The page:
The challenge always rests in recognising the difference between 'getting things done' and 'getting the right things done'.  One keeps you busy while the other moves you ahead.
Take a look at your To-do lists for the past week.  As you review each day highlight the tasks you had planned that directly contributed to your key objectives and goals for the year.  Odds are... you had very few, if any.  You spent the week putting out fires, moving 'work' off your desk - but not engaged in work that contributed significantly to moving ahead.  You dealt with the urgent, not the important.

US President Dwight D. Eisenhower had a simple system to ensure that he was being effective as well as efficient.  He did this by managing his Important and Urgent activities.  For this, take a look at your current To-Do list and Categorize each item listed according to the following...

  1. Important and Urgent.  These are your true MUST do items for the day.  However, the fact that they are both important and urgent generally means that you have left these items for the last minute.  Planning ahead a little better, fitting Important items in sooner, avoiding procrastination all could help avoid creating 'urgency' where possible.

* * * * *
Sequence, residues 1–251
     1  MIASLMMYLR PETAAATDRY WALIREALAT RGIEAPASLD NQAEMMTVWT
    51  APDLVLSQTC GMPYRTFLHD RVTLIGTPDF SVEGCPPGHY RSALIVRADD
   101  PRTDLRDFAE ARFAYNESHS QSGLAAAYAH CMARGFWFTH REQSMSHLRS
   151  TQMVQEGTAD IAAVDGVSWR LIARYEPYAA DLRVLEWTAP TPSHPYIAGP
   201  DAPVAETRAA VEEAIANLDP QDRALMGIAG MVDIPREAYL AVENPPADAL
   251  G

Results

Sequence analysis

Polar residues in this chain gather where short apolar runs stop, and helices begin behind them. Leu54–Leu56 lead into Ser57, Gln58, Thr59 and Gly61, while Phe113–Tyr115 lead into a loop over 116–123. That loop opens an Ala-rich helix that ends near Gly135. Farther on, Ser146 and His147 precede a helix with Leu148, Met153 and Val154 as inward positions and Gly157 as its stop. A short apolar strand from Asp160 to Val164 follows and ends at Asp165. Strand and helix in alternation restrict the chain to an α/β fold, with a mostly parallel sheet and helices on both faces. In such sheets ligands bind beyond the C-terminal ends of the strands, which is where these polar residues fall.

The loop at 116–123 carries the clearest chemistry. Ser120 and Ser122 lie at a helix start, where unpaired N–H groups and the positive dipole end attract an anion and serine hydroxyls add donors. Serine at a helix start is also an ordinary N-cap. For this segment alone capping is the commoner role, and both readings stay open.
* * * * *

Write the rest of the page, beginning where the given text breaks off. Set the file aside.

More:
2. Important not Urgent.  Doing these items helps to decrease the number of activities you have in the category above.  Ensuring that you are not avoiding the Important for the Urgent means that you are constantly moving those important projects forward.  Every to-do list should contain a number of these items. The more your day is made up of these items the more effective and efficient you're being and likely the more successful.
  3. Not Important, but Urgent.  These are the items that will tend to consume your time and prevent you from reaching your goals. The more you get caught up in these activities the 'busier' you will be but the less effective in the long run.  A common source of these types of activities are other people, especially those that haven't managed their time effectively and now have deadlines looming, creating a false sense of urgency.  Don't allow their urgency to become your own.  Do what you can, help where you can, but create a deliverable that works for you.
  4. Not Important, not Urgent.  Why are you doing these?  These are activities that are simply distractions.  Minimize, eliminate, ignore or cancel.  The less of these you do the more time you will have for what really matters.